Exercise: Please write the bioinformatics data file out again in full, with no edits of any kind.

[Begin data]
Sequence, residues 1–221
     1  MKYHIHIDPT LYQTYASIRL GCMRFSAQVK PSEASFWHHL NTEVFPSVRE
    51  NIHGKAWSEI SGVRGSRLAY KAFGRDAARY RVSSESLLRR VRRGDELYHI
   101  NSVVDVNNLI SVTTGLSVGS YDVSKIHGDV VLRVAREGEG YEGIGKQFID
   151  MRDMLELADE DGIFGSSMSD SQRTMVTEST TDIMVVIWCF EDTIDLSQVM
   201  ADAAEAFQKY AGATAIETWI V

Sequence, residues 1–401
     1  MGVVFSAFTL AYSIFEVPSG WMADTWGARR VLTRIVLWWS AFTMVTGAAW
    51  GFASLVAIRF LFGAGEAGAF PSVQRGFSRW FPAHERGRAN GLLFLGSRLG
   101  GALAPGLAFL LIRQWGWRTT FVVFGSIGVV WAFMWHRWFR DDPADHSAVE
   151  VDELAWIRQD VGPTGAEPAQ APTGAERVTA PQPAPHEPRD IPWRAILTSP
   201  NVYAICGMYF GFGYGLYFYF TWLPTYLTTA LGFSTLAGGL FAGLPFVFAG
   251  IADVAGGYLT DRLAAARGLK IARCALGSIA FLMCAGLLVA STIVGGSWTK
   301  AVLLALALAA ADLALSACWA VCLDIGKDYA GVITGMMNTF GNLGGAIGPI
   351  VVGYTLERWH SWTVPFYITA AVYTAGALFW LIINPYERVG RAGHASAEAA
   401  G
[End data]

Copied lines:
Sequence, residues 1–221
     1  MKYHIHIDPT LYQTYASIRL GCMRFSAQVK PSEASFWHHL NTEVFPSVRE
    51  NIHGKAWSEI SGVRGSRLAY KAFGRDAARY RVSSESLLRR VRRGDELYHI
   101  NSVVDVNNLI SVTTGLSVGS YDVSKIHGDV VLRVAREGEG YEGIGKQFID
   151  MRDMLELADE DGIFGSSMSD SQRTMVTEST TDIMVVIWCF EDTIDLSQVM
   201  ADAAEAFQKY AGATAIETWI V

Sequence, residues 1–401
     1  MGVVFSAFTL AYSIFEVPSG WMADTWGARR VLTRIVLWWS AFTMVTGAAW
    51  GFASLVAIRF LFGAGEAGAF PSVQRGFSRW FPAHERGRAN GLLFLGSRLG
   101  GALAPGLAFL LIRQWGWRTT FVVFGSIGVV WAFMWHRWFR DDPADHSAVE
   151  VDELAWIRQD VGPTGAEPAQ APTGAERVTA PQPAPHEPRD IPWRAILTSP
   201  NVYAICGMYF GFGYGLYFYF TWLPTYLTTA LGFSTLAGGL FAGLPFVFAG
   251  IADVAGGYLT DRLAAARGLK IARCALGSIA FLMCAGLLVA STIVGGSWTK
   301  AVLLALALAA ADLALSACWA VCLDIGKDYA GVITGMMNTF GNLGGAIGPI
   351  VVGYTLERWH SWTVPFYITA AVYTAGALFW LIINPYERVG RAGHASAEAA
   401  G